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Five Years After WTO, Trade Disputes Increase
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Five years after its entry into the World Trade Organization (WTO), China's rapidly increasing trade volume has created growth in another area as well: the amount of trade disputes it's facing.


The latest report from the WTO says China is the world's most frequent subject of anti-dumping inquiries. It is now on the receiving end of one third of the world's trade disputes, up from 15 percent in 2001 when it first joined the organization.


Despite a global decline in trade investigations, China was investigated 32 times in the first half of 2006, nine more times than in the same period last year, the report said.


Earlier this month, the United States made a number of formal complaints to the WTO about China's policies towards intellectual property rights and trade. Meanwhile, the European Union imposed a two-year, 16.5 percent anti-dumping tariff on China-made leather shoes exported from this October.


These disputes, said Zhang Xiangchen, director of the department of WTO affairs under the Ministry of Commerce, are "the result of the dramatic development of the country's foreign trade."


"China is taking a larger and larger proportion of the world's business," he said. "Trade disputes are unavoidable in this process."


China ranks third in the world in import and export volume. It has a 7.7 percent share in the world market, compared with 3.9 percent five years ago.


The target commodities of anti-dumping complaints are mainly in the light industry, chemicals, and textiles. Bicycle and bicycle parts makers have been investigated as many as 18 times for dumping charges, and shoe makers were investigated for anti-dumping 16 times, according to statistics from the Ministry of Commerce.


While developed regions such as the United States, European Union, and Japan have kept up pressure on China, the country is also grappling with restrictions from the developing world. Developing countries initiated 60 percent of the total anti-dumping charges.


Anti-dumping duties have hit profits and workers of mainly labour-intensive industries. An official from the Ministry of Commerce said previously that the recent tariffs on shoes put 70,000 workers in southern China out of business.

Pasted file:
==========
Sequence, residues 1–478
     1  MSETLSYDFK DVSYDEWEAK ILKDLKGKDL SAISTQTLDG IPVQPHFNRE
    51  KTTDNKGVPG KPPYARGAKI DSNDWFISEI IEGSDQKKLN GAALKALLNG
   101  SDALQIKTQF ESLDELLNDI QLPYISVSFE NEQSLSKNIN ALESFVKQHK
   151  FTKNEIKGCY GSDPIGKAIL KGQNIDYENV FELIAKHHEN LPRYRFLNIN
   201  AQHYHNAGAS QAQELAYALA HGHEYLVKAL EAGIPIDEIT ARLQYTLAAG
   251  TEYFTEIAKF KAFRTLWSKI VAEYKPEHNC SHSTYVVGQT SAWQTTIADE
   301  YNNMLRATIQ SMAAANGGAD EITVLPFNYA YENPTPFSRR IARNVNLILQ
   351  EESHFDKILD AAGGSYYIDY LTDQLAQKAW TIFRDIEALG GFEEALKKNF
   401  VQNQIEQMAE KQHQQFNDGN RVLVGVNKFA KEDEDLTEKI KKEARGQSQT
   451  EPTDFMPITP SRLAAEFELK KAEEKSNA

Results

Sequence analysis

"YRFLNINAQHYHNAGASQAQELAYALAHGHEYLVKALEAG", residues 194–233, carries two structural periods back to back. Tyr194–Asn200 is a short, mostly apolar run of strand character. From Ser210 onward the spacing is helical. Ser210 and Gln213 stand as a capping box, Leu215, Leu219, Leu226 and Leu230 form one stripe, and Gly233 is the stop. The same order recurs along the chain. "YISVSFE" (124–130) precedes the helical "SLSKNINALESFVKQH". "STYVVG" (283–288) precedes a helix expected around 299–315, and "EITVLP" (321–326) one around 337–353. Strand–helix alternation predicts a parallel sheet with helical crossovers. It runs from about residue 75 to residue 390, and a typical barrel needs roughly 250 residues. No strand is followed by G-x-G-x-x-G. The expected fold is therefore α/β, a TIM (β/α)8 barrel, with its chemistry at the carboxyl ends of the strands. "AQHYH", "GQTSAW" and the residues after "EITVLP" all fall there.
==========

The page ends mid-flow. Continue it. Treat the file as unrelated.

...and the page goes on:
Despite the increasing number of cases, Long Yongtu, the former chief WTO negotiator, does not see trade disputes as a huge factor in trade deals. "Foreign trade increases by nearly 30 percent per year, and products hit by anti-dumping charges only amount to five percent of the total export products," he said.


The Chinese Government and experts encourage enterprises to face disputes actively and protect their interests by using "weapons of the WTO," meaning the rules and regulations to protect against unfair anti-dumping charges.


"The more obstacles we clear out, the wider our business scope will be," said Pu Lingchen, the lawyer who helped Chinese enterprises handle over 40 anti-dumping cases and overturned the EU's anti-dumping charges against China-made lighters in 2003.


In a recent case involving shoe-makers, Ao Kang Group, one of the biggest shoes-makers in China, decided to file suit against the anti-dumping duty in the EU court.


Meanwhile, China has also initiated 110 anti-dumping investigations and one safeguard measure, which made up a total trade volume of US$9 billion during the last five years.


"The amount of countervailing cases started by China ranks second in the world, and the quality of investigation has also been recognized by people worldwide," said Wang Shouwen, director of the Bureau of Fair Trade for Imports and Exports, a government body in charge of trade disputes under the Ministry of Commerce.


The continuous opening of the domestic market and large-scale increase of imports are the main reason for these measures, according to Wang.


(China Daily December 20, 2006)


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